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EDITOR'S NOTE: The name of the young lady in this article was changed to protect her identity. This is the fourth in a series of five stories on teen vaping. 


Anna started vaping for fun during her sophomore year at a local high school. She was 15 or 16 years old and she never expected to get addicted.

Everyone was doing it and blowing out the big clouds of vapor was cool in her mind.

Fast forward two years and what started out as something she only did in social settings every now and then is now a fully formed habit.

Like many other teens and young adults, she's found herself addicted to the nicotine found in most vape products.

"I started doing it at parties. We only wanted to blow the smoke (vapor). Now we do it to get a buzz," she said.

Anna actually stopped vaping for about six months after she battled a round of pneumonia. When she started back up she changed her delivery method from a traditional e-cigarette to a JUUL, a different type of electronic nicotine delivery system (ENDS).

JUULs are small vaping devices that looks something like a USB flash drive. It heats up a pod containing oils to create vapor. It is easily concealable in a closed fist.

"In just two years on the market, JUUL, a new type of e-cigarette, has become so popular among young people that it has already amassed nearly half of the e-cigarette market share," according to the Truth Initiative's website.

The prevalence of vaping in youth may take some people by surprise.

E-cigarette use grew drastically between 2011 and 2018 among middle school and high school students. In 2011, 1% of girls and 2% of boys used tobacco products compared to 19% of girls and 23% of boys in 2018. Approximately 68 percent of high school students using e-cigarette use juices that have flavor, according to the Surgeon General's website.

"Out of all my friends, I only have one that doesn't do it," Anna said. "I used to think vaping was better than smoking but now I realize it's just as bad. I think people who would never smoke a cigarette would vape  When I say everybody does it, literally everybody does it."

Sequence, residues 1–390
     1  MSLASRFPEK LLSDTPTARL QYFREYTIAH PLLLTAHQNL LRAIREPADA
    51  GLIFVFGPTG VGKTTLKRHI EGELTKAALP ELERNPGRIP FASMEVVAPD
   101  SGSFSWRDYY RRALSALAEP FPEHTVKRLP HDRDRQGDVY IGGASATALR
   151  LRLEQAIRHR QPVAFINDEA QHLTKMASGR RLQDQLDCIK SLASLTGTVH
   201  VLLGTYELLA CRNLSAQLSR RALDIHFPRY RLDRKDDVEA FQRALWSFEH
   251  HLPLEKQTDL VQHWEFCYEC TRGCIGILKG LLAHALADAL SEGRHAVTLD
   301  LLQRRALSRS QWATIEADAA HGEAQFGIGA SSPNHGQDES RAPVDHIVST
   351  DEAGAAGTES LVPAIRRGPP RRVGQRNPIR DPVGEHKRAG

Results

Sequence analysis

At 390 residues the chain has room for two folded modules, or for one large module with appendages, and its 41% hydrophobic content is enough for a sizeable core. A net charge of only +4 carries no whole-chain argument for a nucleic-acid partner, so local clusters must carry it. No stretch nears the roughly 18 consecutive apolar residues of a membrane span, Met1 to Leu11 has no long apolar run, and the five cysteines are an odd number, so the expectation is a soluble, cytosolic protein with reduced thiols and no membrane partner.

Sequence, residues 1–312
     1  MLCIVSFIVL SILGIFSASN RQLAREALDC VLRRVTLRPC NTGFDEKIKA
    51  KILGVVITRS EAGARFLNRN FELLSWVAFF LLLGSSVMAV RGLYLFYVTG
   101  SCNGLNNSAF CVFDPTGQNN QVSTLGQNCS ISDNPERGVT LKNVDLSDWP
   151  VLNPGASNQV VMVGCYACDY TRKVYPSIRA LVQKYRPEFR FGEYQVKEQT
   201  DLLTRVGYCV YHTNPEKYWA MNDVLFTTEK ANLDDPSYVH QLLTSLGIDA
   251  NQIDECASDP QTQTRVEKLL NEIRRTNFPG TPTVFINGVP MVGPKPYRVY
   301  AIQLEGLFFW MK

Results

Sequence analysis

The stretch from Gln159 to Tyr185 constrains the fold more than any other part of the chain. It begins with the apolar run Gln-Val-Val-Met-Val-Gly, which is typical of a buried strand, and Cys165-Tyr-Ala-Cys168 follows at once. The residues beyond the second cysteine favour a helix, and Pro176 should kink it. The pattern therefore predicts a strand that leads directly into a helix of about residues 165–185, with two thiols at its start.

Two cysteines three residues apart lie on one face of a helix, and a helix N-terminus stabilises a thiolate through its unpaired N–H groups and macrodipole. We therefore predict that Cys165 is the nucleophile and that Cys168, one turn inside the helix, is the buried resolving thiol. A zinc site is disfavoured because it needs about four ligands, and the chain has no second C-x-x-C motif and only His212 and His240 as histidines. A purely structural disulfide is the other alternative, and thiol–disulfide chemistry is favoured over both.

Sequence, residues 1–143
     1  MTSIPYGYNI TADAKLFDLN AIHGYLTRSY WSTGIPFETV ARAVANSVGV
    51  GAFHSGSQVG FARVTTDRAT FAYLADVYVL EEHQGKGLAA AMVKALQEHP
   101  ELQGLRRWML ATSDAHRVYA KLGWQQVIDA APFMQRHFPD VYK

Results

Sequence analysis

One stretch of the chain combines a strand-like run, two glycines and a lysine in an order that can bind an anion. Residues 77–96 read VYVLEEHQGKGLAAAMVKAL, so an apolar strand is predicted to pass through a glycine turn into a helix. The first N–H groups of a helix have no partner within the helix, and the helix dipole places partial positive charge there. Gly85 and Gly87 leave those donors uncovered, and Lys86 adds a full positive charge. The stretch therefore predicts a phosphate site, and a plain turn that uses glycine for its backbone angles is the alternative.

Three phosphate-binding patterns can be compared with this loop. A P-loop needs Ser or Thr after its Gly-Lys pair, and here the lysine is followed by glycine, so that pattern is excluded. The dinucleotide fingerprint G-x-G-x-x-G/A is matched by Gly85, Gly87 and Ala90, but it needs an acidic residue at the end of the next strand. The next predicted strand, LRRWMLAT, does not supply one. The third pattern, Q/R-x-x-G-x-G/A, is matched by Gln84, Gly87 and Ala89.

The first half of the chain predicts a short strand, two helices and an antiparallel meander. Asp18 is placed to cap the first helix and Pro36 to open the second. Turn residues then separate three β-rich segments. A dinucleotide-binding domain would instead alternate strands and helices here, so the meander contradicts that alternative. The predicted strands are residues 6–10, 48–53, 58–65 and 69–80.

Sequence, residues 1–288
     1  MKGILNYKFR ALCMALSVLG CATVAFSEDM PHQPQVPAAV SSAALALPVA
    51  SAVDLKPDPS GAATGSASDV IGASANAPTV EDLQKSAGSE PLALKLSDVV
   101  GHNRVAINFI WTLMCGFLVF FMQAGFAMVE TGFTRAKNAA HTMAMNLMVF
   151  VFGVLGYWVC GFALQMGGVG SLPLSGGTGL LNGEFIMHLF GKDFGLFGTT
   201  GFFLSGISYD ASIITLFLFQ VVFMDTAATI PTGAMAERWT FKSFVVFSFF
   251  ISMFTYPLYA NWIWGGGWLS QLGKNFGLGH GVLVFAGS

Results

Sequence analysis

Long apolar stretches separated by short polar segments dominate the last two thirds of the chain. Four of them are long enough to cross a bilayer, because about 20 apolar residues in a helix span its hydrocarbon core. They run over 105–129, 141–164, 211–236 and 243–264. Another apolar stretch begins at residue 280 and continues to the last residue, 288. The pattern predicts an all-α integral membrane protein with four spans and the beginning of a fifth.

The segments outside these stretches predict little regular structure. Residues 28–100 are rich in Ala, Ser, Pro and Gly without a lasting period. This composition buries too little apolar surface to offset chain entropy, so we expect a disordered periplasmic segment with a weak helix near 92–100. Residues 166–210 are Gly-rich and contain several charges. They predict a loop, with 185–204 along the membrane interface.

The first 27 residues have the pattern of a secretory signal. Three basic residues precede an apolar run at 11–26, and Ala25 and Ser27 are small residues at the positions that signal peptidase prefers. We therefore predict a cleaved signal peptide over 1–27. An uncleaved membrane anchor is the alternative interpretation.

Anna says vaping is prevalent in kids as young as the sixth grade.

U.S. Food and Drug Administration Commissioner Dr. Norman Sharpless released a statement on e-cigarettes in July after a judge issued a decision requiring makers and importers of e-cigs and other ENDS to submit applications for their currently marketed products to the FDA within 10 months.

"This court decision comes at a time when I, like many others, are tremendously concerned about the rising use of e-cigarettes among our nation's youth and especially the potential for them to become traditional cigarette smokers. We cannot allow the next generation of young people to become addicted to nicotine because of e-cigarettes," Sharpless said.

" The FDA stands ready to accelerate the review of e-cigarettes and other new tobacco products. And we remain committed to tackling the epidemic of youth vaping using all available regulatory tools at our disposal. We will continue to take vigorous enforcement actions aimed at ensuring e-cigarettes and other tobacco products aren't being marketed to, or sold to, kids," Sharpless said.

Small vaping devices like the JUUL are so easy to conceal that kids are doing it at school, on the bus or at school sporting events.

Anna, an A/B student who played sports and was involved in many extracurricular activities, said she regularly vaped on the bus on the way to events and even at school.

"You can't hear it. You can't see it. You just hit it and hold it in and hope nobody asks you a question so you don't have to talk," she said.

Getting her hands on the products wasn't difficult.

"I could just walk into the store and buy it, even before I was 18," Anna said.

Anna is discovering how deeply the claws of addiction can dig in. She's tried to quit vaping multiple times and, at least so far, always ends up going back to it.

"All of my friends want to quit but not a single one has been successful. If I could give younger kids any advice it would be not to do it. I know it's not good and it's probably going to kill me if I don't quit. When I first started out every time I hit it I would get a buzz. Now it's just routine," she said. "If I could go back in time I would've never done it."

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